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Birdbath FAQ

Why would I want to use a birdbath?
Birds, like all animals, need a fresh source of water at all times. A birdbath will give the birds a place to drink and bathe, and may increase the number of birds that visit your backyard.


What type of birdbath do I need?
There are many types of birdbaths available; however, most fall into two categories: heated and non-heated. Heated birdbaths have a built-in heating element that will keep the water in the bath from completely freezing over during cold weather. Non-heated birdbaths are simply shallow containers that can come in many shapes and sizes. While they do not contain heating elements, it is possible to use a birdbath de-icer in conjunction with many non-heated baths during the colder months. If you live in an area that has colder winters, you may want to consider using a heated birdbath or a non-heated birdbath with a de-icer.


What size birdbath do I need?
The size of the birdbath should depend on how many and what type of birds you want to attract. Birdbaths can range from a small dish to a complex water garden complete with flowing streams and bathing pools. The smaller and more shallow the birdbath, the smaller and less varied the birds will be. However, a birdbath can be too deep for some birds. Smaller birds may not be able to use a bath with more than an inch of water depth. Some people find it beneficial to use a birdbath with a shallow edge and a deeper center. The smaller birds can use the outer part of the bath, while the large birds can move toward the center. The most common water depth in a backyard birdbath is 1 ˝” deep.


Where should I place my birdbath?
While a birdbath can be placed anywhere, many birds often prefer ones placed out in the open near shrubs or small trees. You can also place birdbaths near your bird feeders, provided that the seed cannot fall into the bath. Also, there are many baths designed to mount on decks, windowsills, etc. If predators, such as cats, are an issue, place the birdbath away from any plants, buildings, etc. that may conceal the predator’s presence. That will prevent the predator from having the element of surprise, and hopefully keep your birds safe from harm.


When should I put out my birdbath?
You will want to keep your birdbath out all year round, as birds that do not migrate will need a fresh source of water during the winter months. Note though that some birdbaths are not constructed to withstand subfreezing conditions.


Should I clean my birdbath?
Birdbaths should be cleaned when the water is changed, which is approximately every 2 to 4 days. During the summer months, the water will evaporate more quickly requiring more refills and possibly more cleanings. If there are a lot of feathers, droppings, or other debris in the bath, you will want to clean them out as soon as possible. Many people also experience algae growth in larger birdbaths. Most often, this is symptom of not changing the water on a frequent basis or not cleaning the birdbath. Do not add harsh chemicals such as bleach to the bath to kill the algae. This will also harm the birds. There are water clarifiers available in most pet stores and pet departments; however, we still recommend frequent water changes and bath cleanings as a way to prevent algae growth. Typically, birdbaths can be easily cleaned with a small scrub brush. For heavily soiled birdbaths, you can use a mild detergent and a very small amount of bleach for cleaning. You will want to make sure that the bath is thoroughly rinsed afterwards, as birds are extremely sensitive to many chemicals.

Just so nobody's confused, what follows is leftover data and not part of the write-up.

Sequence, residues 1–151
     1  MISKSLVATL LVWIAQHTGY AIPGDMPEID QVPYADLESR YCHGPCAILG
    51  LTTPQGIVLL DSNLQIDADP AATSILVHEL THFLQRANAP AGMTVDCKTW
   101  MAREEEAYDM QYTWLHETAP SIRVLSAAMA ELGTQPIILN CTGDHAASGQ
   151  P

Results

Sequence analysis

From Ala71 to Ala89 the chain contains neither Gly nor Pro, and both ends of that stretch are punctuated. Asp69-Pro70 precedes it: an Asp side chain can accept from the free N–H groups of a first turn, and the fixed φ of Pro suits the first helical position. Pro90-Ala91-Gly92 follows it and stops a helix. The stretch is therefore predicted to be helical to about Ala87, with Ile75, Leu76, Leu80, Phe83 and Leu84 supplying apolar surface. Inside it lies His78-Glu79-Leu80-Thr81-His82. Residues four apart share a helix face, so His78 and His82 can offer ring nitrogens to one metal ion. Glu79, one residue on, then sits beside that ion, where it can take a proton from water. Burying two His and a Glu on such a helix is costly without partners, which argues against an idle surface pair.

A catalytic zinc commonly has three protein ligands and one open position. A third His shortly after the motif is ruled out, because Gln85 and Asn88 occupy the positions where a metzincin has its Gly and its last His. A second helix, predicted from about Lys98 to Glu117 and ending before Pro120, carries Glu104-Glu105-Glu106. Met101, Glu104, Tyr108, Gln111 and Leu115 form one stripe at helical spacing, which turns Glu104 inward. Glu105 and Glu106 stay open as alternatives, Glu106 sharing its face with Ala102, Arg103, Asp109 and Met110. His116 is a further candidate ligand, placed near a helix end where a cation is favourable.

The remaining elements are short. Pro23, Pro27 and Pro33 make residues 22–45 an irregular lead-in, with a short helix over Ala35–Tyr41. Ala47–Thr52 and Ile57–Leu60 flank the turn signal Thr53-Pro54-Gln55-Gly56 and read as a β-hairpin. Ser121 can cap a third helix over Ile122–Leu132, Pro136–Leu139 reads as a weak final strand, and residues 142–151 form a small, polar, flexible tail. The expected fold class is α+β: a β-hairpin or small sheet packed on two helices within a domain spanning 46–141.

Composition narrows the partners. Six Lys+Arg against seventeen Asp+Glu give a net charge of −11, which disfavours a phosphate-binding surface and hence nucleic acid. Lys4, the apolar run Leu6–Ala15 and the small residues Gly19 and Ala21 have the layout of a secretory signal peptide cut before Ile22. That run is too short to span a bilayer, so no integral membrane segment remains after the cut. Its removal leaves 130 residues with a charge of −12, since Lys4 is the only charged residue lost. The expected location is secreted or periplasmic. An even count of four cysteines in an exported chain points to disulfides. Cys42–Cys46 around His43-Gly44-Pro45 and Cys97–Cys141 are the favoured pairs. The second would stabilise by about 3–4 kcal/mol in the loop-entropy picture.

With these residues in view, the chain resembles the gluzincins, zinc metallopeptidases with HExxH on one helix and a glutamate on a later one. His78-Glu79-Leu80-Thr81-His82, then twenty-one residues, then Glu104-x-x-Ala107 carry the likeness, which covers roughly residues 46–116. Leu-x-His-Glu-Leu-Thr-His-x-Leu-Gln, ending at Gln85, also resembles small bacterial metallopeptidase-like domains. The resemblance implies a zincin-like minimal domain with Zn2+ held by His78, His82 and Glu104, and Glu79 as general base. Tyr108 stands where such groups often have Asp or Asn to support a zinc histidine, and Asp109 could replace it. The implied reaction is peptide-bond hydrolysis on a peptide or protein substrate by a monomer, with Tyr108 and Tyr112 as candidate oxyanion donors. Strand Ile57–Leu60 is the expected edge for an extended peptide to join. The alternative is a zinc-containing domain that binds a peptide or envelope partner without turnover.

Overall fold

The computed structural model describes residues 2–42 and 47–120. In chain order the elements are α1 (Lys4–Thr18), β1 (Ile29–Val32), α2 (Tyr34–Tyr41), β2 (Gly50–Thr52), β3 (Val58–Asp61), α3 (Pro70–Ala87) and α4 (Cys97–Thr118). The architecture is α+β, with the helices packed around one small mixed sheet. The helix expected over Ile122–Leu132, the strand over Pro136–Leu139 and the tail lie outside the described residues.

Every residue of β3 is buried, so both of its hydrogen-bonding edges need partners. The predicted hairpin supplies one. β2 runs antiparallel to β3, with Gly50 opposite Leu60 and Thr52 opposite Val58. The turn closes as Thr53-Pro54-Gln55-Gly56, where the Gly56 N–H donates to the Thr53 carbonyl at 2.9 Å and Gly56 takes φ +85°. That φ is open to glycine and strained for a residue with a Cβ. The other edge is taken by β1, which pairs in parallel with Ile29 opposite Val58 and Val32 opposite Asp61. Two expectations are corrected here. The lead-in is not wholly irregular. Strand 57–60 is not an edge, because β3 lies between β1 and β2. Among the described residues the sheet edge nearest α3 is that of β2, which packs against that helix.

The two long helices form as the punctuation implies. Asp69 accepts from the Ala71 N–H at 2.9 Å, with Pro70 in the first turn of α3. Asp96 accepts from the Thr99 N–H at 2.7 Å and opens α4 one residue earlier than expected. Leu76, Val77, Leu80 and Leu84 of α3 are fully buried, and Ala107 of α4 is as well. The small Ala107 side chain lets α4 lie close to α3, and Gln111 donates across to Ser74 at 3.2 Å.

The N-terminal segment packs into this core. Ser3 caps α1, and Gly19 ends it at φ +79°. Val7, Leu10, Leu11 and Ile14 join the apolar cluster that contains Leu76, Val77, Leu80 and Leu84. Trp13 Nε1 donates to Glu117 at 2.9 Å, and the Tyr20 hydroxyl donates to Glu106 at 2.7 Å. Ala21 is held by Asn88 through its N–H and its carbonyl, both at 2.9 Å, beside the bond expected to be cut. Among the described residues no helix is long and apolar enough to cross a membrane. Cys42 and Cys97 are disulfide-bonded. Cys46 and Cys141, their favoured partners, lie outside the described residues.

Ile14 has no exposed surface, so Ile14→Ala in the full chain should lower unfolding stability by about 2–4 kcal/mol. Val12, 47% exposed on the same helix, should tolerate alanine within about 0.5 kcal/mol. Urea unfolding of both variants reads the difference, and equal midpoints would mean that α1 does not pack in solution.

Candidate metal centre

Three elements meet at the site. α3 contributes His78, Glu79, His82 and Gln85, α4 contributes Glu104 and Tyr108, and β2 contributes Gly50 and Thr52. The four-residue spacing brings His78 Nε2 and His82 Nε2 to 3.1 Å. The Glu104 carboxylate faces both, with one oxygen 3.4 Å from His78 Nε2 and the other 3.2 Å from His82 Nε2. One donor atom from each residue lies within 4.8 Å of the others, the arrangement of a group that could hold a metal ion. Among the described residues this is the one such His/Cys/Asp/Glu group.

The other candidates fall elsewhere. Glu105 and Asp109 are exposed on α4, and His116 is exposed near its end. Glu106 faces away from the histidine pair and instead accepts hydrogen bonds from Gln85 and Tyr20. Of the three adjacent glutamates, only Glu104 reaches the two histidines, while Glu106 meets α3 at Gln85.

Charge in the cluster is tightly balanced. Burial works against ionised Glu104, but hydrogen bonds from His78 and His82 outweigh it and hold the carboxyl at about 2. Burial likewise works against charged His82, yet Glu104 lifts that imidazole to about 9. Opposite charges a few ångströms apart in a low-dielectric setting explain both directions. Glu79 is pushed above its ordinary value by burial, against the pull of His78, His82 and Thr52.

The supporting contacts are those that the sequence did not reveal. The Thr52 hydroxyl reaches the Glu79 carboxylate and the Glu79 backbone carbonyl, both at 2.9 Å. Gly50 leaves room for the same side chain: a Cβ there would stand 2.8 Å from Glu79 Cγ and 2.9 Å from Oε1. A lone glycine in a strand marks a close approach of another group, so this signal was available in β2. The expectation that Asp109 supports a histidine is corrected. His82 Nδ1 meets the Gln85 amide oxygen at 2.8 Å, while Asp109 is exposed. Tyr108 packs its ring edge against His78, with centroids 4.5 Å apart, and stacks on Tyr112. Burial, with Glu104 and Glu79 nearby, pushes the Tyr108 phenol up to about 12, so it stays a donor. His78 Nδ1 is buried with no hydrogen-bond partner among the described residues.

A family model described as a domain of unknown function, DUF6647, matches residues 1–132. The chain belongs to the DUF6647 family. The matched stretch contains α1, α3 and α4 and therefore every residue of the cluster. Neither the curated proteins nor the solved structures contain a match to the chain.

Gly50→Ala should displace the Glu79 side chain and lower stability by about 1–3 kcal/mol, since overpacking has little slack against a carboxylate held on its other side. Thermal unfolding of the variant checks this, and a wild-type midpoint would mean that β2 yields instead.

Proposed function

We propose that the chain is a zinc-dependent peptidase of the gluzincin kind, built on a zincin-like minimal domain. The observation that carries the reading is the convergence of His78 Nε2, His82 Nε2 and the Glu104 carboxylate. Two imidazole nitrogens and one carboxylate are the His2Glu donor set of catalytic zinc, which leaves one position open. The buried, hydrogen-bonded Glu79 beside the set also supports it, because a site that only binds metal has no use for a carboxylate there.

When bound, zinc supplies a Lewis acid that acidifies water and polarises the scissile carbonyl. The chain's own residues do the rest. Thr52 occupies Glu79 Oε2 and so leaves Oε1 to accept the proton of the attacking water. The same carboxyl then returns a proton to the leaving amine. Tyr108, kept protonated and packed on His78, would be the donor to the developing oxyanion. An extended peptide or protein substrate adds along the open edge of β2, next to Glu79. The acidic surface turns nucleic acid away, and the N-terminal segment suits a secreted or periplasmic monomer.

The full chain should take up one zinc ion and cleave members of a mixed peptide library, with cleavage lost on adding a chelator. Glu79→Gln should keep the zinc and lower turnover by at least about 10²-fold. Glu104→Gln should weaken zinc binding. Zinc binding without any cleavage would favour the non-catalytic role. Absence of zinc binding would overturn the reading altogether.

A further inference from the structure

How often should I replace the water?
Every 2 to 4 days depending on the outside temperature and the amount of debris in the bath.


Do I need a heated birdbath or a birdbath de-icer?
If you live in an area in which the temperature drops below freezing for many days at a time, you may want to consider using a heated birdbath or a birdbath de-icer. There are many types of heated birds and de-icers, some of them more suitable for colder areas than others. Typically, the higher the wattage of the bath or de-icer, the better it will perform in extremely cold temperatures. Remember that a heated birdbath or de-icer is not designed to keep the entire bath ice free, but to heat the water enough to keep the water from completely icing over. Many baths and de-icers are thermostatically controlled and only work when the water drops below a certain temperature. This feature is well worth considering if electricity usage is a concern.


Can I use a birdbath de-icer with my existing plastic/metal/concrete birdbath?
Most de-icers can safely be used with concrete or plastic birdbaths. We do not recommend using them with metal baths, as the de-icer can cause accelerated corrosion of the metal. Decorative baths, such as ones made of copper, are best to use during the warmer months. A plastic heated birdbath can be used as a winter alternative to a decorative bath.


I put out a birdbath, but no birds will use it. What can I do?
Birds are extremely selective when it comes to feeders and housing, and it can be the same for a birdbath. It may be as simple as you may live in an area that doesn’t attract birds because of a lack of the plants or food they prefer. Conversely, you may live in an area that has too many flowers, shrubs, trees, or water sources that they like and are happy where they are currently feeding and bathing. Another major factor can be your water. If you are leaving water out too long, it may have become too dirty and the birds have moved to a different location. Clean your birdbath thoroughly, replace the water, and then move it to a new location. If you are not using a bird feeder, you may want to consider putting one up to further entice the birds to visit your backyard.